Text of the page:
K-drama “SKY Castle” appeals to scholastic audience


Since its release on Nov. 23, 2018, the Korean drama “SKY Castle” had garnered the attention of many. The 20-episode drama illustrated the story of fictional elite mothers brutally competing against each other to send their children to top national colleges. Although the plot might have seemed cliché at first glance, the drama contained occasional comedic moments along with a distinctive storyline that altogether made it relatable and enjoyable for the viewers. The integration of realistic and fictional elements was perhaps one of the primary factors behind its success.

“This drama is unique in the sense that it does not follow a typical storyline that can be commonly seen in soap operas or K-dramas,” said Meehee Park (11). “Rather, it skillfully employs talented actors and actresses to build an enthralling plot that bears a strong relevance to many Korean students and parents.”

An element that captivated some viewers was the author’s social commentary on the excessively competitive academic nature of modern Korean society, seamlessly layered beneath the drama’s plot. Burdened with overloading pressure from their parents, characters in the drama frequently display unethical behavior such as cheating or lying to satisfy their desires.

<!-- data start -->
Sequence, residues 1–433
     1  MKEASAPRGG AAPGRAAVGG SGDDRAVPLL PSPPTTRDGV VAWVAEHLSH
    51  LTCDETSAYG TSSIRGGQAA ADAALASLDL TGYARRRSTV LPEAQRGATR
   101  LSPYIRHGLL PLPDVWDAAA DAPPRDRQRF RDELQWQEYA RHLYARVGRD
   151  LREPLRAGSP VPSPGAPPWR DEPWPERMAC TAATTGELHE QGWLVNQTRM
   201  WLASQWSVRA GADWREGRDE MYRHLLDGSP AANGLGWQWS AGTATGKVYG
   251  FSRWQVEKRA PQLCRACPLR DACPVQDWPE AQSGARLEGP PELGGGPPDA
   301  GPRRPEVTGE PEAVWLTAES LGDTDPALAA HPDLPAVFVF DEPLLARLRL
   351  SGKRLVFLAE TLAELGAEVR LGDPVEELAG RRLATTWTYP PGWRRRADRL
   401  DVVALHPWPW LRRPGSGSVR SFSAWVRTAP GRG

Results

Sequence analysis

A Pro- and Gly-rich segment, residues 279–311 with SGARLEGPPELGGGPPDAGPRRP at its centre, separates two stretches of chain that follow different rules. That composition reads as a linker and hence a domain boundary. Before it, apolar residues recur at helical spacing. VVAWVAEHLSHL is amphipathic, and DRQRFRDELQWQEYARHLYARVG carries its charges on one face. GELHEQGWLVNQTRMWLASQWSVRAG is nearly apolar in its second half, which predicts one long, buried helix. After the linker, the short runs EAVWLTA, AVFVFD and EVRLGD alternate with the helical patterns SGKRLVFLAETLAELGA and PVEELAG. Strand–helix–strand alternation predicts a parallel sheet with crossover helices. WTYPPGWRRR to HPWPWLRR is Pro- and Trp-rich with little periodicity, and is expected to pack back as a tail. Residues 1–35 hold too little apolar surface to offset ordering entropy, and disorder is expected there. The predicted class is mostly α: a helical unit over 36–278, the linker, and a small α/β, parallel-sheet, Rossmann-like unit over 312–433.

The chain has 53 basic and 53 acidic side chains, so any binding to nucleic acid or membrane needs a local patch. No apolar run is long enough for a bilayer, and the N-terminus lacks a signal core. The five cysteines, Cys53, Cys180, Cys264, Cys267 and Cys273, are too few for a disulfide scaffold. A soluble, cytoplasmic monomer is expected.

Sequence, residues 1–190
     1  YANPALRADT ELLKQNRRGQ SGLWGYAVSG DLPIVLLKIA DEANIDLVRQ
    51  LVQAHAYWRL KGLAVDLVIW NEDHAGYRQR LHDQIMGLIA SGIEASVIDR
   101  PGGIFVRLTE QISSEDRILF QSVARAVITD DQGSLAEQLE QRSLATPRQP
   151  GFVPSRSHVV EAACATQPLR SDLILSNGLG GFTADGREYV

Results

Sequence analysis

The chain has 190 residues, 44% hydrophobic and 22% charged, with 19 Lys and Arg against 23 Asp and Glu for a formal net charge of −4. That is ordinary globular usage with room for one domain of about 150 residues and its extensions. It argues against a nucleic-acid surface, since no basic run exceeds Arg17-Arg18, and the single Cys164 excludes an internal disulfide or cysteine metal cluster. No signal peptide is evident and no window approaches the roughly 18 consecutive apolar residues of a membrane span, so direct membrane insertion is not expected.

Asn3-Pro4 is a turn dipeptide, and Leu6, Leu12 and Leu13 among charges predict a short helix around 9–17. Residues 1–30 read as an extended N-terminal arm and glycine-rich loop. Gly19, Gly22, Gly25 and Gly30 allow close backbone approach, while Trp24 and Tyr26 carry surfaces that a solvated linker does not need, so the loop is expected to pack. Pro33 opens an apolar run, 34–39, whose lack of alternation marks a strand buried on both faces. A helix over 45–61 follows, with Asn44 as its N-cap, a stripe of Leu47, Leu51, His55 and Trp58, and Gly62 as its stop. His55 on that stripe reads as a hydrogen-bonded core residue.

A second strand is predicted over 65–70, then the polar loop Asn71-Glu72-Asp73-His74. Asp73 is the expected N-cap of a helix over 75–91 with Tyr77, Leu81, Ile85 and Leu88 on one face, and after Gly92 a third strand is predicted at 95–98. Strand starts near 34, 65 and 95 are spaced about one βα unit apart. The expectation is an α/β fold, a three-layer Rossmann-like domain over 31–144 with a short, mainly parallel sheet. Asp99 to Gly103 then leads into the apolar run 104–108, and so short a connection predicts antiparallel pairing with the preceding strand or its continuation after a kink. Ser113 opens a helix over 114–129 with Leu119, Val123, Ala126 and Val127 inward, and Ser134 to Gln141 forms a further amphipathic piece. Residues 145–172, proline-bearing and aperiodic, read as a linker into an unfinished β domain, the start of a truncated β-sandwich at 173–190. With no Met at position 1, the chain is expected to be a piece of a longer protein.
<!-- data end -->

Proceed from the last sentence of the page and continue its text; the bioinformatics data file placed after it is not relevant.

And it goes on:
“‘SKY Castle’ is a drama that perfectly exemplifies some of the major flaws in the traditional Korean education system,” said Clara Park (10). “When parents demand their children to obtain perfect grades, children sometimes fail to consider ethics, which lead them to constant unhappiness.”

The drama’s novel plot and intricate subtext allowed it to consistently maintain high viewer ratings; according to Nielsen Korea, the drama reached 23.2 percent of viewer ratings. While the drama aired its last episode on Feb. 1, its underlying message continues to make an observable impact on society; according to Asia Times, the Korean Ministry of Education is currently working to inspect private education services for evidence of any illegal practice in order to address the faults in the current education system.

“I believe that ‘SKY Castle’ was able to gain so much popularity because it mirrors Korean society in many ways,” said Rachel Lee (10). “Although some of its aspects were dramatized, many parents and students in Korea are involved in the education system portrayed in the drama. I definitely think the impact of this drama on our society will extend even into the future.”

Despite its fictional elements, the drama addressed critical flaws of the traditional Korean education system, which has allowed many viewers to find its underlying messages relatable and pertinent to modern Korean society. This aspect of the drama has not only led to an explosion in popularity but also initiated legitimate efforts to combat perceived flaws of the Korean education system that are prevalent to this day.